Learners receive stationery packs

2020-02-04 06:00
Muslim Hands donated stationery packs at Holvlei Primary School in Hopefield. Principal of the school, Colin Witbooi (far left) was extremely thankful. Present at the handover was Sheikh Refaat Carolus (far left sitting with children), Muslim Hands programmes manager Sheikh Haashim Peck (second left) and team members of Muslim Hands.

Muslim Hands donated stationery packs at Holvlei Primary School in Hopefield. Principal of the school, Colin Witbooi (far left) was extremely thankful. Present at the handover was Sheikh Refaat Carolus (far left sitting with children), Muslim Hands programmes manager Sheikh Haashim Peck (second left) and team members of Muslim Hands.

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The non-government organisation (NGO), Muslim Hands in Athlone extended their stationery drive to the West Coast.

Since its inception in 2014, the organisation has assisted over 3 000 needy children with stationery all over South Africa.

“We assist the learners with their stationery requirements at the start of a new school year.

“We visited the farm school Holvlei Primary School in Hopefield, Jurie Hayes Primary School and the Louwville High School in Vredenburg,” says Aisha Adam, spokesperson for the NGO.

She says 70 children from neighbouring informal settlements attend the farm school and due to limited resources, the school accommodates up to three grades in one classroom.

The stationery pack to the value of R200 contains a pack of hardcover books, a pack of softcover books, pencils, eraser, ruler, crayons, colouring pencils, two glue sticks and two packs of covering sheets.

According to Adam, their team conducts an assessment and rolls out projects to meet the needs of the people.

“Children from schools in the Boland are from rural, impoverished areas. Due to the long distance, they are mostly excluded from sponsorship schemes and do not have the luxury of having many NGOs going out to assist them compared to schools in Cape Town,” she says.

Various schools in and around the Cape Flats have received stationery and assistance from them in the past years.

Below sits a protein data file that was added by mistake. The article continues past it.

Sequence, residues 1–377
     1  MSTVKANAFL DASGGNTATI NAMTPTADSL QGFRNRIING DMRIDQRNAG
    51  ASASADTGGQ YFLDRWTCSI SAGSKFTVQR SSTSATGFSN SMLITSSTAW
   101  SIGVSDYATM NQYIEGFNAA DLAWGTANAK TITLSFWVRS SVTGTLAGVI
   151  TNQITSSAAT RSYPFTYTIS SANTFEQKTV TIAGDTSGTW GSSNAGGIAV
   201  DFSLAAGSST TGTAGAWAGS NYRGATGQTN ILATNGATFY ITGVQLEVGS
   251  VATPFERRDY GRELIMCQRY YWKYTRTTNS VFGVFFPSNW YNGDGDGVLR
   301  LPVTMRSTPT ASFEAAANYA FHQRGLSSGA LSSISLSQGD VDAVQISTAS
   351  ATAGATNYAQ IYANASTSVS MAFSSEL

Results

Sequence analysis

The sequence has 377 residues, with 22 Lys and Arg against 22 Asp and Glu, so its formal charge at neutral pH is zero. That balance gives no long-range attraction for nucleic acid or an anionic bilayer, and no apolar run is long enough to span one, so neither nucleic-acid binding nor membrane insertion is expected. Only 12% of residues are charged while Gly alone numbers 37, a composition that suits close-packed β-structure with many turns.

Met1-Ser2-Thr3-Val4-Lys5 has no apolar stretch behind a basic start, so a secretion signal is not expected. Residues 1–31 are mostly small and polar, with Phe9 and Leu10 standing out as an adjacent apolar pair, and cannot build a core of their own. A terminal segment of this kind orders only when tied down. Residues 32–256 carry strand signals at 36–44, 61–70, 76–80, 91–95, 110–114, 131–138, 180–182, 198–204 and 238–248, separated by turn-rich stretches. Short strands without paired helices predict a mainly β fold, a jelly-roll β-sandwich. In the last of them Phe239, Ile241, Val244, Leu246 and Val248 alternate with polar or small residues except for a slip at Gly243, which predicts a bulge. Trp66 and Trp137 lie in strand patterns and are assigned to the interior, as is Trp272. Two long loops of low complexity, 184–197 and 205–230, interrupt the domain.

“Due to the unavailability of resources to cater for the children in individual classrooms, we have to put them all in one classroom.

“We divide the grades such that Grades 1, 2 and 3 are placed in one classroom while Grades 4, 5 and 6 are place in a different classroom. We have one teacher that teaches the lower grades, and I teach the higher grades. It is a lot of pressure as we have to cover all three curriculums of the grades we oversee,” says Colin Witbooi, principal at Holvlei.

He says the stationery packs have been a big help; easing financial strain on families.

Speaking at the handover at Jurie Hayes, programmes manager for the NGO Sheikh Haashim Peck says: “Muslim Hands decided to assist in the West Coast as many times, businesses and organisations, do not come out here due to the travelling distance. We hope to see progress and hope we have made an impact for other learners.”

Jurie Hayes principal Donny Jacobs says most of the learners come from informal settlements and disadvantaged areas of Vredenburg, and travel by bus daily.

“Most of the children come from homes of single parents, and the mothers don’t work, so it puts them in a very tight position where they can’t afford basic things like stationery.

“The stationery packs will bring a huge relief and will prevent a confrontation between parents and teachers who don’t have the required stationery.”

Seven boxes of shoes were handed over at the sports day of Louwville High and an additional 70 packs at the Hopefield Mosque.

Sheikh Refaat Carolus, representative of the NGO, thanked the team that travelled from Athlone.

“We have several projects rolled out until March and these include skills training, bread distributions and local water projects,” he said.

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